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November

at the Barrymore Theatre

It is easiest to think of November, currently at the Barrymore Theatre, as an Entertainment in Time of Carnival. For a few hours, audience members get to laugh at and applaud the equal-opportunity tossing of any number of rotten eggs at any number of sacred cows, in a pitch-perfect production (designed by Scott Pask, costumed by Laura Bauer, and lighted by Paul Gallo). So seamless is the collaboration between David Mamet's writing and Nathan Lane's acting that it's impossible to parcel out praise for the whirling devilry.

Once upon a time, plays were written for immediate production, and only a few held onto the imagination of actors and impresarios tightly enough to inspire revival. Topicality was no failing in those days. Now the balance has tipped too far in the other direction; to be worthy of a Broadway production, shows must be written sub specie aeternitatis. November may well turn out to be so tuned to its time (and to its cast) that it will flop like a dead fish the very next time a bunch of Andy Hardys decides to mount it, but I refuse to hold that against it. As a dramatic comedy, November pretty thin, but that's fine, too, because it isn't a dramatic comedy.

Such plotting as there is serves as the merest trifle of a pretext for parading before us an adorably awful President of the United States, a Chief Executive with the conscience of a virus who appears to have wallowed up to his neck in the vices of every administration going back to Grant. The evening's fictional occupant of the Oval Office, reduced by the abandonment of his supporters to scraping up some very dubious cash to pay for last-minute re-election spots, may be called "Charles Smith," but this scantily all-purpose name barely conceals the man's true identity: he is EveryPrez. It doesn't matter what your politics are, so long as you have some in other words, so long as you're not shy about laughing at power. November is a bi-partisan tickler.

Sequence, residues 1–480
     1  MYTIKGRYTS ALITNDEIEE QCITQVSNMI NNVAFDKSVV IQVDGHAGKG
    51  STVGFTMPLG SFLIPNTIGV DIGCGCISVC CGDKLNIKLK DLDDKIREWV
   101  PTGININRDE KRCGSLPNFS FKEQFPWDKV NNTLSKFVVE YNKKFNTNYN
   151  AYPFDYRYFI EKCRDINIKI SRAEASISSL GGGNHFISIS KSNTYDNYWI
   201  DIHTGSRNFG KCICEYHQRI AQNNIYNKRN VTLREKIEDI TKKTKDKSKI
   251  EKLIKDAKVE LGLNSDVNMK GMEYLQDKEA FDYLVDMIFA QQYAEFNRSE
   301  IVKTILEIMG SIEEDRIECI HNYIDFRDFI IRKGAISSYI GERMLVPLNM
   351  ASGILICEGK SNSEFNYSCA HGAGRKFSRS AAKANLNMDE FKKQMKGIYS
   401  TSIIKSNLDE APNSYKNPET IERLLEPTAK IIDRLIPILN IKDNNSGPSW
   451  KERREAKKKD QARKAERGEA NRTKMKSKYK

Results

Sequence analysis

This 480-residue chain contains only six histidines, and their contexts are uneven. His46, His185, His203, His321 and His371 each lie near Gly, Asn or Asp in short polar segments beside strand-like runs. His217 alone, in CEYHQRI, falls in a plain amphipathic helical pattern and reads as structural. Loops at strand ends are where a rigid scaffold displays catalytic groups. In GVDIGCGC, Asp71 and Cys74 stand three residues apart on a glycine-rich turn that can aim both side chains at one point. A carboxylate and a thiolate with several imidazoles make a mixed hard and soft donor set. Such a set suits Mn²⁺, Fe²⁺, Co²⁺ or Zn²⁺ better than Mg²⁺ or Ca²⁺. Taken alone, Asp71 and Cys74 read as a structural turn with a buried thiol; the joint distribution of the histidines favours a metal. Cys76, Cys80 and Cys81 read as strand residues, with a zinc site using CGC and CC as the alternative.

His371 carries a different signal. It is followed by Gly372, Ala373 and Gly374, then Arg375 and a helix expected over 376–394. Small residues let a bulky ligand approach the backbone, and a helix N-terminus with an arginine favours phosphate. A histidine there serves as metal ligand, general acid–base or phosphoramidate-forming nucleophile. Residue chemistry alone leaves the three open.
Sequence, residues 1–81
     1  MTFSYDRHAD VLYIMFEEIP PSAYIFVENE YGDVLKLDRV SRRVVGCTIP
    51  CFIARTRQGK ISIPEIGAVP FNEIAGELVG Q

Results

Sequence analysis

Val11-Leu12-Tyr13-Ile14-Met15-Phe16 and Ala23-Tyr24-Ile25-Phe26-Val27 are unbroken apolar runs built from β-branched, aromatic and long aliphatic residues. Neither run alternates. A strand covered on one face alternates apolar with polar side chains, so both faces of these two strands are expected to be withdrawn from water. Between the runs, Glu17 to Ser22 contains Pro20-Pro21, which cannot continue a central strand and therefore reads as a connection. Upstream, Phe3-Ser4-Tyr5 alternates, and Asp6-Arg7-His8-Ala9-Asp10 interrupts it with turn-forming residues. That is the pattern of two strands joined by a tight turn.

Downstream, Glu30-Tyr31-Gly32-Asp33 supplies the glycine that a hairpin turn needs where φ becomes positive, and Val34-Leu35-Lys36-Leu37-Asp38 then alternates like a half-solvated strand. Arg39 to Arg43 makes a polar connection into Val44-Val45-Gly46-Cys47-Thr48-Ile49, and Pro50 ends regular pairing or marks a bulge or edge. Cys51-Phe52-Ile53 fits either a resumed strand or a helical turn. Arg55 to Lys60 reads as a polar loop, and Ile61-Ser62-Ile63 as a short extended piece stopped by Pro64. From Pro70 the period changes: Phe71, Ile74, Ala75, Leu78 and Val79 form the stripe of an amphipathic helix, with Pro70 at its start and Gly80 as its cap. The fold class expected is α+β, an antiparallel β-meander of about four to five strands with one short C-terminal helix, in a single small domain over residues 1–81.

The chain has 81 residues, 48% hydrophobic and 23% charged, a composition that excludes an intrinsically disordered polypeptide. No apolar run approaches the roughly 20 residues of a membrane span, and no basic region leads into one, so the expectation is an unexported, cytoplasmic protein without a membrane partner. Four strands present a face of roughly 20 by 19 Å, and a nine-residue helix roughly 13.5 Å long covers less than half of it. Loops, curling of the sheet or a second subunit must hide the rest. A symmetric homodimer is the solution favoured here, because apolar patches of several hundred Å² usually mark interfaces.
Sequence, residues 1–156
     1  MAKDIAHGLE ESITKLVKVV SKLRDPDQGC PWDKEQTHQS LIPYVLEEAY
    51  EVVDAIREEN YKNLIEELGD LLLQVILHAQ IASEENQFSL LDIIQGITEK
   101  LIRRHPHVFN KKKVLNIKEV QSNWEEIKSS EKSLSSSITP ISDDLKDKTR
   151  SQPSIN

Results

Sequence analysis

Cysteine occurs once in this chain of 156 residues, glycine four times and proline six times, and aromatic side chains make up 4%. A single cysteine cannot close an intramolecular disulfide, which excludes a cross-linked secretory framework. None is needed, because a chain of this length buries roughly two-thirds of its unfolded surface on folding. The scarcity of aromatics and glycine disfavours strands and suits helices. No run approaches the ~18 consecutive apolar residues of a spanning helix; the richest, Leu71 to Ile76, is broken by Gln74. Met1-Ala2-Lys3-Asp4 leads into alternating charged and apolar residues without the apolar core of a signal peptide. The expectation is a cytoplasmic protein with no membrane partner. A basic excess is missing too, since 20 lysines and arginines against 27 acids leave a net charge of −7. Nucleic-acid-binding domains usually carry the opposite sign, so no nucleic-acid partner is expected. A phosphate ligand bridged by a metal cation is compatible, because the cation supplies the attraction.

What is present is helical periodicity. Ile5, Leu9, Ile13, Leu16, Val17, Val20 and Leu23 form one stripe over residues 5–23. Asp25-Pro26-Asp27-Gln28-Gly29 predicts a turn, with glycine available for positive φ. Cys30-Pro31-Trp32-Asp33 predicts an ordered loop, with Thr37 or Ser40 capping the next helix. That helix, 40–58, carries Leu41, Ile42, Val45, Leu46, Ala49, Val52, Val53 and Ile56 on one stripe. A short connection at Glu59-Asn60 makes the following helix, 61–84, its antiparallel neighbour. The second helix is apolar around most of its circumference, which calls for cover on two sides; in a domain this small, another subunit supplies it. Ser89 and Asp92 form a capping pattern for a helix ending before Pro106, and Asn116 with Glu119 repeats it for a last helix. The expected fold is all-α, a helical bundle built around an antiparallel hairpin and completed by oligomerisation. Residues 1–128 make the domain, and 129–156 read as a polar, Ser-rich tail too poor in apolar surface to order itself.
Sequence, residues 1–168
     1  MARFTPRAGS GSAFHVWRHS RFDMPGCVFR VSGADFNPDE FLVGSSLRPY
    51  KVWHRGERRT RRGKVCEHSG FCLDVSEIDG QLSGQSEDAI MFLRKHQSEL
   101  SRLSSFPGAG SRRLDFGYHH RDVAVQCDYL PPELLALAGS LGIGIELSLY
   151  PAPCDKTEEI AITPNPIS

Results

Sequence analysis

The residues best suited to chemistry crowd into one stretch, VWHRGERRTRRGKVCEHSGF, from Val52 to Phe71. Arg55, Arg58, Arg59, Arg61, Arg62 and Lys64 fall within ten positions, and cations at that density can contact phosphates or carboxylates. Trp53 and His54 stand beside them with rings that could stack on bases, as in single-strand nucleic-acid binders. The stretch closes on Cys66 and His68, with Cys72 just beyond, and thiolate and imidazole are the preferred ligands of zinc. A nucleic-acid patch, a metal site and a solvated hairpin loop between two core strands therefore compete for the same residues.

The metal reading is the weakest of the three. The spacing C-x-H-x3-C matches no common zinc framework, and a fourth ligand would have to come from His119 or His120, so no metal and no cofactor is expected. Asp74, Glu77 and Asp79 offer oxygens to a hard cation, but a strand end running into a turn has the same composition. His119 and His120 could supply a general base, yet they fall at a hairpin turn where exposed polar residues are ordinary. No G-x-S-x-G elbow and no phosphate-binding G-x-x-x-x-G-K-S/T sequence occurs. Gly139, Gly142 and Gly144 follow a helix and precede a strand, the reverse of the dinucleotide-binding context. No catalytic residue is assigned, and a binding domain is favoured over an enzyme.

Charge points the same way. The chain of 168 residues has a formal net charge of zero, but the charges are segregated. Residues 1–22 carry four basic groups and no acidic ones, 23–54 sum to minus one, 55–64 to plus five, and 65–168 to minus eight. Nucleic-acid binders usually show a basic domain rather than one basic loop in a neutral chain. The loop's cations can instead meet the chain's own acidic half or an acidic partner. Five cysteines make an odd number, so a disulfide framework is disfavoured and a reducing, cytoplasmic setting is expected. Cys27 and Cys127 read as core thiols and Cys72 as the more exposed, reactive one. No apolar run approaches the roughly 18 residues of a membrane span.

That said, the audience erupted in something approaching pandemonium at the following exchange, no more than two or three minutes into the show:

President: Why do they hate me so?

White House Counsel: Because you've fucked up everything you've done.

It would miss the spirit of Carnival to pretend that the whooping and hollering wasn't aimed at the Incumbent.

Having disclosed two of November's five parts (they're played by Mr Lane and Dylan Baker, respectively), I'll name another: Speechwriter Clarice Bernstein (known only as "Bernstein" and played by Laurie Metcalf). Ms Metcalf's way with a wedding dress makes it look like the Halloween costume of a little girl's dreams, realized at last by a stroke of pure theatrical magic. I absolutely decline to identify the remaining two parts, played by Ethan Phillips and Michael Nichols. Both actors are capable of standing alongside the three front-line veterans. Mr Phillips can turn from obsequious to censorious on a dime, and Mr Nichols brings the house down with a delightful surprise entrance. More than that you need not know about this play, if you'll just trust me that it will leave you satisfied that a rough human justice has been, if not meted out, then at least enacted. And as long as you've got the sense of humor to accept that, like all the best Carnival sprees, the joke's on you. (April 2008)

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